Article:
Chicago's defensemen looked incredibly slow and surprisingly out of sync in the team's 102d game of the season. Meanwhile, Antti Niemi, brilliant through most of the playoffs, was far from the spectacular puck-stopper whose play helped fuel the Blackhawks' drive to the Stanley Cup Finals.

That combination against a hungrier and more aggressive Flyers squad spelled a 5-3 defeat for Chicago in Game 4 Friday night at the Wachovia Center, and likely left coach Joel Quenneville searching for fixes on the plane trip back to the Windy City.

"I know the series is wide open," Quenneville said. "We have to take advantage of home ice. We played well there all year. I still think we have to be smart, disciplined, and make them play defense."

In the first period, Niemi let three of eight shots escape him and light the lamp. But he was not alone in blame. The Blackhawks allowed the Flyers to skate down loose pucks, stay too long in the offensive zone, and roam freely around the net.

On the Flyers' third goal, Claude Giroux, Game 3's overtime hero, was left all alone behind and to the right of Niemi. He accepted a nifty pass from Kimmo Timonen and easily stuffed home his 10th playoff goal.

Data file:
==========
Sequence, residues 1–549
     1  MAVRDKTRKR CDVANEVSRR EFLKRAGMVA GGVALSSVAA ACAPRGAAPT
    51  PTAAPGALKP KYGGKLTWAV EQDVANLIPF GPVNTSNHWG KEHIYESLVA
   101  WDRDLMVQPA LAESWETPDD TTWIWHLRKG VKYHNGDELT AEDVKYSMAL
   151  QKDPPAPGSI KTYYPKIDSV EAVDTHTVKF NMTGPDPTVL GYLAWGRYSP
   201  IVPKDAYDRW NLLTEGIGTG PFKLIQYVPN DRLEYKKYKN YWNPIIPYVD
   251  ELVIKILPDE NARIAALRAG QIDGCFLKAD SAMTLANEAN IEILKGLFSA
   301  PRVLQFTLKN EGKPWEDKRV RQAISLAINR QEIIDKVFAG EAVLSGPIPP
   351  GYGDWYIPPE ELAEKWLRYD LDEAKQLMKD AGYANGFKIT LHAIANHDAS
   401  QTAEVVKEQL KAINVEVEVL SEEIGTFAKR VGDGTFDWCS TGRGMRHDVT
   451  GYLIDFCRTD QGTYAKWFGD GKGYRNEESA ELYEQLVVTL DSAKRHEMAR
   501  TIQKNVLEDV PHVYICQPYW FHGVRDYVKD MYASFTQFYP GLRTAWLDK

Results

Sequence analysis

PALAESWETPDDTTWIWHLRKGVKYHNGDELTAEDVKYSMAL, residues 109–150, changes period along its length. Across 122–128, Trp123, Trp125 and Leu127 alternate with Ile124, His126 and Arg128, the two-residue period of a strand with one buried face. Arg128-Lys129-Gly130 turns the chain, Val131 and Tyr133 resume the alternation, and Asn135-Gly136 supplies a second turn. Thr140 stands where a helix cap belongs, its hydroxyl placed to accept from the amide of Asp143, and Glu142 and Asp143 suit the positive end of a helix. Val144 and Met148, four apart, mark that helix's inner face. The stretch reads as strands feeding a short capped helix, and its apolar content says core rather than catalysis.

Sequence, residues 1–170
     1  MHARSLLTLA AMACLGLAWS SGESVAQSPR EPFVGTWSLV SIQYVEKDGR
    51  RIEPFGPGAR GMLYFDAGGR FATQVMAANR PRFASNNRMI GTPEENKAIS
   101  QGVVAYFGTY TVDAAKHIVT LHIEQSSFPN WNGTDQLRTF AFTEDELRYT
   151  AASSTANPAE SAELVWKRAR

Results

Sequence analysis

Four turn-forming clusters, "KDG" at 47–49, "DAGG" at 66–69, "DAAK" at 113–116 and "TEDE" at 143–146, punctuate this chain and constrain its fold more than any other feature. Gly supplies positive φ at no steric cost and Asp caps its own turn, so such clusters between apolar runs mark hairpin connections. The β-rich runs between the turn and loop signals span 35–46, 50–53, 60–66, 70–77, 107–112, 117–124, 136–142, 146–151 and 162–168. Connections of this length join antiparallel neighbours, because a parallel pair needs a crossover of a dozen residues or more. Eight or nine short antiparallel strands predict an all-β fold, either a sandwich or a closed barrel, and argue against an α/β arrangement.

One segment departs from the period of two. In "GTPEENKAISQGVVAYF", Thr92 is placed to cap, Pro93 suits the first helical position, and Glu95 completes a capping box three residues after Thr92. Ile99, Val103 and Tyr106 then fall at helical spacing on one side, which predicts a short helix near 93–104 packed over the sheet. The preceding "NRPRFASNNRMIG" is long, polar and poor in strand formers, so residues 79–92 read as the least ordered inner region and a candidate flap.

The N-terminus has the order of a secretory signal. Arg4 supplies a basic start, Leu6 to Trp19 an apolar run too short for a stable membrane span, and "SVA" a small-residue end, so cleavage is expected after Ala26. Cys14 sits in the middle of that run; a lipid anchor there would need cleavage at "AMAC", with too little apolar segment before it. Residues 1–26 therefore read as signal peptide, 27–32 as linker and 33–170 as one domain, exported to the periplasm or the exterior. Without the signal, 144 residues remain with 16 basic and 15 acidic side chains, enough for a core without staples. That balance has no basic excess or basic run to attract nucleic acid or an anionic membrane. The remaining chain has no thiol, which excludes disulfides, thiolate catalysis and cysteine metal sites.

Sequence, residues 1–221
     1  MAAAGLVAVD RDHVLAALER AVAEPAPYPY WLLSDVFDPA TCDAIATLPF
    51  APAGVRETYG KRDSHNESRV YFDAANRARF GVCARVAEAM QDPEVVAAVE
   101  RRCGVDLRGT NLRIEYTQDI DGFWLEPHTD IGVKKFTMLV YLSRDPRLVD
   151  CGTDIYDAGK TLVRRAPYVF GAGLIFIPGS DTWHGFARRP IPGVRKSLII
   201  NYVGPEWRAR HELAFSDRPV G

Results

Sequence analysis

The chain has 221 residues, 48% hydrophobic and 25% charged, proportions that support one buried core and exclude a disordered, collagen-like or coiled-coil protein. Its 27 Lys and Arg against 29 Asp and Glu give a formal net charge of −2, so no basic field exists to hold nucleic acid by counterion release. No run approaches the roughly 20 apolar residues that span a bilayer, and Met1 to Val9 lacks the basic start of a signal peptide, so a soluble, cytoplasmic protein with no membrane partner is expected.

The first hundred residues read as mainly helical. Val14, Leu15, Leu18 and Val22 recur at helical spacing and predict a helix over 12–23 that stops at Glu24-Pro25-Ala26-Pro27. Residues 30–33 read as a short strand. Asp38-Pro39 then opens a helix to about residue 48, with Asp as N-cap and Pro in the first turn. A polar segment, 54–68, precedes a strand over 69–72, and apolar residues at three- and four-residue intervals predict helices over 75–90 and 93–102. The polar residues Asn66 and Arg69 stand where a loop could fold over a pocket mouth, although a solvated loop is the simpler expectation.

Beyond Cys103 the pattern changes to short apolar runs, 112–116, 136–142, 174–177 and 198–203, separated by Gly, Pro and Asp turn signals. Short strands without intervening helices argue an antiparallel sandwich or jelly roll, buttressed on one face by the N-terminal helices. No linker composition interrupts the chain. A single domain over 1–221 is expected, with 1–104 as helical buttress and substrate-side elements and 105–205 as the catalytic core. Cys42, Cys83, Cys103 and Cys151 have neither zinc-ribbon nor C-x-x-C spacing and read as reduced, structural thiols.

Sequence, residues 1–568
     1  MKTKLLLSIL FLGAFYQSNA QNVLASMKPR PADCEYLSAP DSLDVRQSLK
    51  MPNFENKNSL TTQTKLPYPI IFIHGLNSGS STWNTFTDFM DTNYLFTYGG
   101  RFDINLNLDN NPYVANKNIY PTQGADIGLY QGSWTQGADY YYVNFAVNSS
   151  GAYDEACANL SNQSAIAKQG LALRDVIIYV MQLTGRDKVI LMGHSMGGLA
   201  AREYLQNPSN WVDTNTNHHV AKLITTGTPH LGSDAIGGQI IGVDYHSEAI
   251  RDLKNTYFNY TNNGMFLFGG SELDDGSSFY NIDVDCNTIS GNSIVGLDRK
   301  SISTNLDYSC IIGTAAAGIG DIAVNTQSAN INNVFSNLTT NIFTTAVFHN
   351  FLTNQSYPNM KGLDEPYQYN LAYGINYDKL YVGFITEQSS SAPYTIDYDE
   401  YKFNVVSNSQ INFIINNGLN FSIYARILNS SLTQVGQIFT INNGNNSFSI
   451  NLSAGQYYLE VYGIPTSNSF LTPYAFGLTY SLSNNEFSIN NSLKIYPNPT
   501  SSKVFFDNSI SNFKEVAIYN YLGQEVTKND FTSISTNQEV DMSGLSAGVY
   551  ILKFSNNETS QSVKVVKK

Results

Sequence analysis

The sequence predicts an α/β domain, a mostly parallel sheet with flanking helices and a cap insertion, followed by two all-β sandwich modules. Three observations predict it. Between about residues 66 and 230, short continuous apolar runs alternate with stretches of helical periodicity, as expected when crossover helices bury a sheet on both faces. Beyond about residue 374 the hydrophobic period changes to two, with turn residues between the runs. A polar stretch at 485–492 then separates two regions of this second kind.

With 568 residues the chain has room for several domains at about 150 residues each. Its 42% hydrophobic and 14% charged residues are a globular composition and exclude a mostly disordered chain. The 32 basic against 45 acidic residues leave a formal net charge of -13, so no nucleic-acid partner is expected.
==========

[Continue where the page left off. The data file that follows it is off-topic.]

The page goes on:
Defensemen Niklas Hjalmarsson and Brent Sopel were on the ice for the first two goals. Sopel and Duncan Keith made up the last line in front of Niemi on Giroux's tally.

Mike Richards stripped Hjalmarsson behind the net and backhanded a shot past Niemi for the first score. Winger Tomas Kopecky had just gone off the ice for high-sticking Danny Briere in the back. The score gave the Flyers a 5-for-12 success rate on the power play in the series.

Another Hjalmarsson miscue, this time a weak clearing attempt, directly led to the Matt Carle score that made it 2-0 at the 14-minute, 48-second mark of the first period.

"A couple of plays there you would like to have back," Quenneville said. "You have to like and commend [Hjalmarsson] on how he's competed all year and how he plays. Some nights, some tough things can happen. But his character and his perseverance is what we look for. We look for him to bounce right back."

Chicago has struggled mightily on the power play. The Blackhawks were 0 for 8 in the series before Dave Bolland tipped home a Keith slapshot with 7:59 to play in the third period.

To win the now-deadlocked series, the Western Conference champions will have to get more out of center Jonathan Toews. The NHL's leading playoff scorer (27 points) has yet to score a goal and is minus-3.

His linemates, Patrick Kane (minus-4 Friday) and Dustin Byfuglien, have been quiet as well. Kane's lone goal came in Game 3. Byfuglien, held to one shot in the first two periods Friday, has only a Game 1 assist.

Patrick Sharp and Keith, who posted three assists and logged a team-high 23:26, each took five shots.

Blackhawks winger Andrew Ladd, scratched for the first three games because of an undisclosed upper-body injury, made his first appearance in the Finals. Just 36 seconds in, the 6-foot-2, 200-pounder was whistled for interference in front of the Chicago net.